Writing is the primary technology for philosophers. It allows us to string together words into whole tapestries of ideas. Because of the interconnectedness of these ideas, and the fact that they are realized, both in writing, and in reading, in a conscious mind, we ought to be very cognizant of the format of our writing. Allow me then, to share four different styles of philosophical writing, to give you a glimpse of the possibilities:
The first form I wish to present is the dialogue form:
1: X: Okay Y, so tell me about the format you have chosen.
Y: This is the dialogue form, which was favored by Plato after the death of Socrates, but, many others since.
X: Such as?
Y: Seneca, Cicero, and I would argue Thomas More in his book "Utopia", and later passages in Douglas Hofstadter's work.
X: You seem to wander into the novel form too.
Y. In a way. Several philosophers have written novels in which there is, of course, dialogue. But there is something unique in the straight dialogue form, like it instills the essence of debate.
X. And this is clearly an interview, so that helps structure the writing.
Y. That's right, and that didactic reason I think is the most important reason for writing dialogues. Many readers have questions they wish to ask the writer during the time of reading. Writing a dialogue helps the author to imagine an inquisitive reader, and maybe preempts some of those questions.
The second form I wish to present is the essay.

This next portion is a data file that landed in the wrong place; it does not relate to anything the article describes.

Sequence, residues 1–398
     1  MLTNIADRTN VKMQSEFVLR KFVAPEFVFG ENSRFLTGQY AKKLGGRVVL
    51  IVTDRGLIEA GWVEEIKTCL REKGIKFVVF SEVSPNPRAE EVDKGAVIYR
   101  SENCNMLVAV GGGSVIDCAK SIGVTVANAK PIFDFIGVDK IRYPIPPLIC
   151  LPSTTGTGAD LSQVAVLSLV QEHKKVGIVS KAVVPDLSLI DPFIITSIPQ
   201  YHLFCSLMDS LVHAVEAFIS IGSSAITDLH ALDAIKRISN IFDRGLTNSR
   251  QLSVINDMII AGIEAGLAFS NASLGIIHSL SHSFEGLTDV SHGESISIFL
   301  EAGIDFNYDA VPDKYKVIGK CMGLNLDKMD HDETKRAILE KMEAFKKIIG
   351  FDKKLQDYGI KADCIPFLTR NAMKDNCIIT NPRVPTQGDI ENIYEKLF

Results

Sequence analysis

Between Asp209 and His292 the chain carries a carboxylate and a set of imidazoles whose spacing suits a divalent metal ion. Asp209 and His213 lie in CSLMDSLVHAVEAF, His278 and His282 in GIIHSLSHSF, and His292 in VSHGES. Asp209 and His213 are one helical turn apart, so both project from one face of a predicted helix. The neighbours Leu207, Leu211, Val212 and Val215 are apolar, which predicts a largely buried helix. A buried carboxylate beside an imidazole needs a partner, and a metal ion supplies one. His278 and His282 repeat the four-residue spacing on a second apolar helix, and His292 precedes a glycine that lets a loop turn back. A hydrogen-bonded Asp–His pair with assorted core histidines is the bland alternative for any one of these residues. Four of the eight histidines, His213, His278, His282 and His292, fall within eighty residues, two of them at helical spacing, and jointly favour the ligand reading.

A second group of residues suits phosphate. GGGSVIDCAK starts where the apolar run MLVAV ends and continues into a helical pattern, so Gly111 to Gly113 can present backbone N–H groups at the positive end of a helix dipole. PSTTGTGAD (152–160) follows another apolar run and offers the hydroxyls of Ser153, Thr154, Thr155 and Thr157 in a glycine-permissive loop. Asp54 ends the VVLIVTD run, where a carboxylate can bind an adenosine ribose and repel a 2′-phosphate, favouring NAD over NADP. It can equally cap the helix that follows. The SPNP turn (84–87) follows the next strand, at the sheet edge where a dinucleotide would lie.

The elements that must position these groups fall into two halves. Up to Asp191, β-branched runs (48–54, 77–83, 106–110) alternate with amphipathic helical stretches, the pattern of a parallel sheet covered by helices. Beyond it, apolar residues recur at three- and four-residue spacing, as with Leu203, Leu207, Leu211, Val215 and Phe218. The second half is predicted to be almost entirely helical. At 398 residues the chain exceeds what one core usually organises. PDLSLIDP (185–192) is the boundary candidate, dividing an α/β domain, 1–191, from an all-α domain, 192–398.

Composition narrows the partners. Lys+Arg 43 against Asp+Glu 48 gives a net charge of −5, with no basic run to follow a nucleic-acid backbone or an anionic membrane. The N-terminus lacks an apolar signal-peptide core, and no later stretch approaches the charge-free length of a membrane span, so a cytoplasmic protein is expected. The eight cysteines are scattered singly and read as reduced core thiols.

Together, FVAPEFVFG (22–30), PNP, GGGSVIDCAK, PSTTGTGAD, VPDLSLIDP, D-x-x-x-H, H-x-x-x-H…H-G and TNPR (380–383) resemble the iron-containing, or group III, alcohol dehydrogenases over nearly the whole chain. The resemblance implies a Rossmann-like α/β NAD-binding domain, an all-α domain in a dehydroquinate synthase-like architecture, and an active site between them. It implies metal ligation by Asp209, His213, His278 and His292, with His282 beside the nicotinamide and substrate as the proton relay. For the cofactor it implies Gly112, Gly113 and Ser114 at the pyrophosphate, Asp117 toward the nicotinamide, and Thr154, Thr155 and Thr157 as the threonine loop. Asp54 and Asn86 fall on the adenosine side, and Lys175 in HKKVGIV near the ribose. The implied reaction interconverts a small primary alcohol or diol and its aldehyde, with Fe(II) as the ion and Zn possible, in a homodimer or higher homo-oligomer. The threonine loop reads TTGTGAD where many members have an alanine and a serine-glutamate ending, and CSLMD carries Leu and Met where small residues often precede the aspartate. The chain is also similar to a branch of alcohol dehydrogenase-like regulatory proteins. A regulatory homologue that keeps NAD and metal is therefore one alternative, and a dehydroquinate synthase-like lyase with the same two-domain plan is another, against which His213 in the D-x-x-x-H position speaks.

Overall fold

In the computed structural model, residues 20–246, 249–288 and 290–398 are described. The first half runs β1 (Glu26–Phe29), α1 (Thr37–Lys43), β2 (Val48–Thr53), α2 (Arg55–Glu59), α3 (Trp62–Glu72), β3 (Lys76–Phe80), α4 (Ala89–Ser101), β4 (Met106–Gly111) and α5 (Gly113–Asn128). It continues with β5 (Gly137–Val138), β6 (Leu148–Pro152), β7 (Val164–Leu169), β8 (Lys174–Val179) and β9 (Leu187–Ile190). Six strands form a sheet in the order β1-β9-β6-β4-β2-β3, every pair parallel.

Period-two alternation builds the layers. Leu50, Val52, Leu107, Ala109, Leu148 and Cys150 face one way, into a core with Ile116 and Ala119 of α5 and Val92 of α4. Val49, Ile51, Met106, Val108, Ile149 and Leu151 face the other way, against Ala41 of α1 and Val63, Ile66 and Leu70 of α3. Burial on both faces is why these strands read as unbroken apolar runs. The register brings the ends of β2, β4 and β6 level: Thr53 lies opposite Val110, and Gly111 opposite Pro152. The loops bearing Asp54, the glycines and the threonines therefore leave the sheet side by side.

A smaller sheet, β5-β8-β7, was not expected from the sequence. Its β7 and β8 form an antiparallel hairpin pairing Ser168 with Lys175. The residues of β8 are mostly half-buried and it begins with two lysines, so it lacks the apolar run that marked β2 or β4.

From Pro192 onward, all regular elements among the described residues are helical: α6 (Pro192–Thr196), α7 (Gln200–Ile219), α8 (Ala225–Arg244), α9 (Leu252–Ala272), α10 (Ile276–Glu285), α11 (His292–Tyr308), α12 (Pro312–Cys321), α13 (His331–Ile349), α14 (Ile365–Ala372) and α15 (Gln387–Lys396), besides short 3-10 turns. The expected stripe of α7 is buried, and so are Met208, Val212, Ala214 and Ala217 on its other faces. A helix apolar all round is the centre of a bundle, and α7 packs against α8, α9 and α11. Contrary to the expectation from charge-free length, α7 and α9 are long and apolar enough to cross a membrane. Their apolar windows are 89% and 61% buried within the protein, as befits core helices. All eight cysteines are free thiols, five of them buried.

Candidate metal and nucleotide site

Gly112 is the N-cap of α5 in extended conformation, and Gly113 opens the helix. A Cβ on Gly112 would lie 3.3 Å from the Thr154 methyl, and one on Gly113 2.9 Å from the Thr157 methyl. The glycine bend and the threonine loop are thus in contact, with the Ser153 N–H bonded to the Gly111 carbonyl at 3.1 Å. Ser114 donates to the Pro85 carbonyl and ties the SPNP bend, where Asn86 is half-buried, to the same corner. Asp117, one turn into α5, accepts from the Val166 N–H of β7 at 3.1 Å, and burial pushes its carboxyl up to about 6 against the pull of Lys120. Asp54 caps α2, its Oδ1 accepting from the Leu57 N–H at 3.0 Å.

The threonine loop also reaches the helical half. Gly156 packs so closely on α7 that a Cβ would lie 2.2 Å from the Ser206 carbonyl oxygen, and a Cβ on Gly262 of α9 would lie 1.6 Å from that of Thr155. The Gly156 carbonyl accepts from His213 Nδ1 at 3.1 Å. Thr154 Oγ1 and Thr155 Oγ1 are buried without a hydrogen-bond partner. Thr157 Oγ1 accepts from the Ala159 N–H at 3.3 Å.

The essay form was invented by a philosopher, Michel du Montaigne. In our modern world, it seems to resemble most closely a blog post. It is personal, meandering, and takes it's time. Montaigne was also very thorough in the way he wrote, and, I think, saw himself as a collector and curator of old opinions, but always with himself at the center.
Most important to the essay form is, I think, that the thoughts somehow run together, and that one thought lead you into the next. It should somehow be confessional, honest and have one central theme which the whole text revolves around.
Finally an essay has the opportunity to end in a sort of open position. It is okay to acknowledge that one is part of a conversation stretching back hundreds of years, and that, while one may certainly reach a position, it is definitely not the position.
The third form I wish to present is the technical paper.
A technical paper as a definite aim, a problem, a question, a critique in mind. It sets up its definitions, which are to do work. Particular passages will be dissected, and at the end a clear statement is made about what has been accomplished by the words on the page.
The literary character of the technical paper, is all directed in service of clearness and distinctness. Because of this, one can achieve such levels of accuracy that single concepts within the whole framework can be critiqued, without a general impact on the whole structure; or that, if if it must have consequences, they will be definite.
Because of their clearness, technical papers can often have room for far more complexity than the more internally peripatetic style of the essay. Subclauses can have their own subclauses, hypotheticals can be safely stored away, and in general, advanced logical structures can have their place.
The fourth form I wish to present is that of juxtaposition and aphorism and analogy.
1. The is nothing but the fiber of reality.
2. Time is a line.
3. Each of us must be a weaver of our own experience.
4. Human society is a tapestry.
5. A text as a weft, a warp, a weave of life.